The Federal Reserve just published a study on how a digital dollar might be deployed in the United States, following in the footsteps of the eleven other nations that have already established central bank digital currencies.
Concerns have been raised, however, concerning the complete removal of currency as a form of payment and the extent to which the government could monitor an individual’s financial situation.
Robert Kiyosaki, the author of Rich Dad Poor Dad, has warned that introducing “dystopian” CBDCs will allow the federal government to monitor all purchases.
In a recent episode of his podcast, “The Rich Dad,” Robert Kiyosaki warned about the potential for CBDCs to usher in unprecedented government surveillance of American citizens.
“The most significant worry we have about FedCoin, also known as CBDC, is that it will compromise our privacy. According to Kiyosaki, by monitoring every transaction, they will have every detail of our consumption and spending. This will also occur when we receive people distributing their resources.”
Kiyosaki noted that in all essential respects, it is a carbon copy of George Orwell’s dystopian society that was portrayed in 1984. Big Brother will be continually watching our financial activities, and this is precisely the problem with central bank digital currency, also known as the Fed Coin.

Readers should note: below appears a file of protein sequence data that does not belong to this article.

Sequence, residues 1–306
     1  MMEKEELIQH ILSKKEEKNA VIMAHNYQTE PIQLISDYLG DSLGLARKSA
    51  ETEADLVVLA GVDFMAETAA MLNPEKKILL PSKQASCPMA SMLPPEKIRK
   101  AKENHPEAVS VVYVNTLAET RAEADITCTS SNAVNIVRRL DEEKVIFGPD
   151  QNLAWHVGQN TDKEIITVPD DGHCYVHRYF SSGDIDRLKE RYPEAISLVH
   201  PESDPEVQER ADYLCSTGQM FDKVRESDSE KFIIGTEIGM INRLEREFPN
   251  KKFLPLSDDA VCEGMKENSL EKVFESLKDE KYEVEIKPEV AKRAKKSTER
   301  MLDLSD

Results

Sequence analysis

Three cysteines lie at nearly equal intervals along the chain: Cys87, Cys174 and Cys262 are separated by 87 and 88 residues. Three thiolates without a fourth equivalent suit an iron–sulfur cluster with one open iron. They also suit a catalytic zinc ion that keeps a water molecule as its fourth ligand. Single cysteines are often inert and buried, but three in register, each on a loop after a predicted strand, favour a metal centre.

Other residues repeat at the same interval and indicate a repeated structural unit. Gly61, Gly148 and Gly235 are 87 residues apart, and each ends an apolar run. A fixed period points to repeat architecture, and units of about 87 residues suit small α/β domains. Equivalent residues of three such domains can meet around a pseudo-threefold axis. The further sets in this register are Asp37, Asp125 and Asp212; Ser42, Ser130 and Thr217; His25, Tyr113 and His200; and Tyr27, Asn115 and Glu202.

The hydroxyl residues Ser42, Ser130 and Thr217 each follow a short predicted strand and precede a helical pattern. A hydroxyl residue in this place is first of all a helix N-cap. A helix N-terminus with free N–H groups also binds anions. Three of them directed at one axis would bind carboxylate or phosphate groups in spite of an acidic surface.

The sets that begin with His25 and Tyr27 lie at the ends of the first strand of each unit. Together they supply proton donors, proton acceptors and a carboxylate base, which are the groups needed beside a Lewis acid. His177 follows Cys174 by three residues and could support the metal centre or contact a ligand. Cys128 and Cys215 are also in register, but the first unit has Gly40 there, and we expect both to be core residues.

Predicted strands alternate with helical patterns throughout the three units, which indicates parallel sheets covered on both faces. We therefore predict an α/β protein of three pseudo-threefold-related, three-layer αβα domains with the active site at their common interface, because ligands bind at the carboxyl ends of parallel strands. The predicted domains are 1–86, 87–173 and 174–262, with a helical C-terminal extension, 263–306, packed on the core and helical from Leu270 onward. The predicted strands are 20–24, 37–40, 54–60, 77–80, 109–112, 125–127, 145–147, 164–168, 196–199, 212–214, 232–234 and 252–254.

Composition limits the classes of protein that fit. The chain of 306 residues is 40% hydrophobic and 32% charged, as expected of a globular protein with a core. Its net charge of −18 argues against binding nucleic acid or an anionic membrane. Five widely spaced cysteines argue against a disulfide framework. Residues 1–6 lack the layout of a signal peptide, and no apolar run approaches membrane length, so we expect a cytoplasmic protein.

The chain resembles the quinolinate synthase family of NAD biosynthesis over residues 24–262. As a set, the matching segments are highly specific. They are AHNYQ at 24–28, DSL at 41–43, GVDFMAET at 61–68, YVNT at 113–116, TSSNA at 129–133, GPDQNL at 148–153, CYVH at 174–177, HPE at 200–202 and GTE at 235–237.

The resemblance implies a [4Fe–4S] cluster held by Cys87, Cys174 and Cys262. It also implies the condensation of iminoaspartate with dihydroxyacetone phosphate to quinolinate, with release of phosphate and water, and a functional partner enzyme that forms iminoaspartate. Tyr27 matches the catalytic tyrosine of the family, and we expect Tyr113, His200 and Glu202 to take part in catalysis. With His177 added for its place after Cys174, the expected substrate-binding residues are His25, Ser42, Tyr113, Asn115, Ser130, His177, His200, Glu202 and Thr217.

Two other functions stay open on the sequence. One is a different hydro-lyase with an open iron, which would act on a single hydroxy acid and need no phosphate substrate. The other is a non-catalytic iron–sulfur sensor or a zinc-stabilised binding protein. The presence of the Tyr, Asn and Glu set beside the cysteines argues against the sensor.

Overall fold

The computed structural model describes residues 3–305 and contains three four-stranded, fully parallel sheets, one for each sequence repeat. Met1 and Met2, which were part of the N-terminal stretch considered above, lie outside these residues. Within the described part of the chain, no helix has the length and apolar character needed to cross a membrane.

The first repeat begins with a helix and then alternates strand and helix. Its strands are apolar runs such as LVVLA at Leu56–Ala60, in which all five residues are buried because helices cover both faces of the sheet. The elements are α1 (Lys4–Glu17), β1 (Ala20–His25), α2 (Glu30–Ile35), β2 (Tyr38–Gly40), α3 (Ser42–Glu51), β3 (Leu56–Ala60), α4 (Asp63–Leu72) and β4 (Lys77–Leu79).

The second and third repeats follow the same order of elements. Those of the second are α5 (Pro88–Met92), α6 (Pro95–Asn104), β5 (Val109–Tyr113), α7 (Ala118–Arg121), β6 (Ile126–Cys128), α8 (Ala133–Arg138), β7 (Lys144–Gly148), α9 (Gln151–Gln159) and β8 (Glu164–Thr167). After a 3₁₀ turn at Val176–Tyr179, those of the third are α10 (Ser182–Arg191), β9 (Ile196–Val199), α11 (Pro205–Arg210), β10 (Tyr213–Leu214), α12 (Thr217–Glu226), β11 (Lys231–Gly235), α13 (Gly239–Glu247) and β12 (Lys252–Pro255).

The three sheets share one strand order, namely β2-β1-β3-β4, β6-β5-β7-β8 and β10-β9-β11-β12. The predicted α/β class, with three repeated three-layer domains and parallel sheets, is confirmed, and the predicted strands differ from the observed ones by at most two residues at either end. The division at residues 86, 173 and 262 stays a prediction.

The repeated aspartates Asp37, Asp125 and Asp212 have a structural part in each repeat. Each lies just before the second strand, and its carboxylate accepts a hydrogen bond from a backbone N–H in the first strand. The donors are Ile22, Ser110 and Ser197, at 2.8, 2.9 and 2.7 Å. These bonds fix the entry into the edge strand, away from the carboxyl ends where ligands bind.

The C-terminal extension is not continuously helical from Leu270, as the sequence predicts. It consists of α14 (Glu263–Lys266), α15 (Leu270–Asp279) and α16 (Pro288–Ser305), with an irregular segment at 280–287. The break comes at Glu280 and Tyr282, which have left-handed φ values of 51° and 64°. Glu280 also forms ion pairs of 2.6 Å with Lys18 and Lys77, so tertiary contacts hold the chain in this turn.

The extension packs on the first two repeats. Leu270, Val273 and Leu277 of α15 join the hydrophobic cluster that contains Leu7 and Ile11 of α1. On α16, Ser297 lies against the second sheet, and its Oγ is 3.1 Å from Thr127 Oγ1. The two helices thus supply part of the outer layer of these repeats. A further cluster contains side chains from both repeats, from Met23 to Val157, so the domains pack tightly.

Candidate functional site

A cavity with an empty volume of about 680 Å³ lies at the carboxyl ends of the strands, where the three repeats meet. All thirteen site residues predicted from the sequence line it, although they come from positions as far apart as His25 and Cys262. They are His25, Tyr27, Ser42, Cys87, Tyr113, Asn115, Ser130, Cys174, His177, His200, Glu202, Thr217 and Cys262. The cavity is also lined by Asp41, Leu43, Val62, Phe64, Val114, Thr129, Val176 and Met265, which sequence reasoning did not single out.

The author cautioned readers, “It violates my privacy, and they have no business knowing how I allocate my resources.”
In light of these concerns, Representative Tom Emmer (R-Minnesota) has proposed legislation preventing the Federal Reserve from establishing CBDCs and requiring the Fed to maintain transparency with Congress regarding its investigation into the matter.
CBDCs are being advocated on the assumption that they will boost a person’s financial freedom; nevertheless, detractors have stated that the system would allow the state to put spending limits and decide what items individuals can purchase.
The amount of money an individual can put away for their future could likewise be limited by setting negative interest rates on their savings accounts.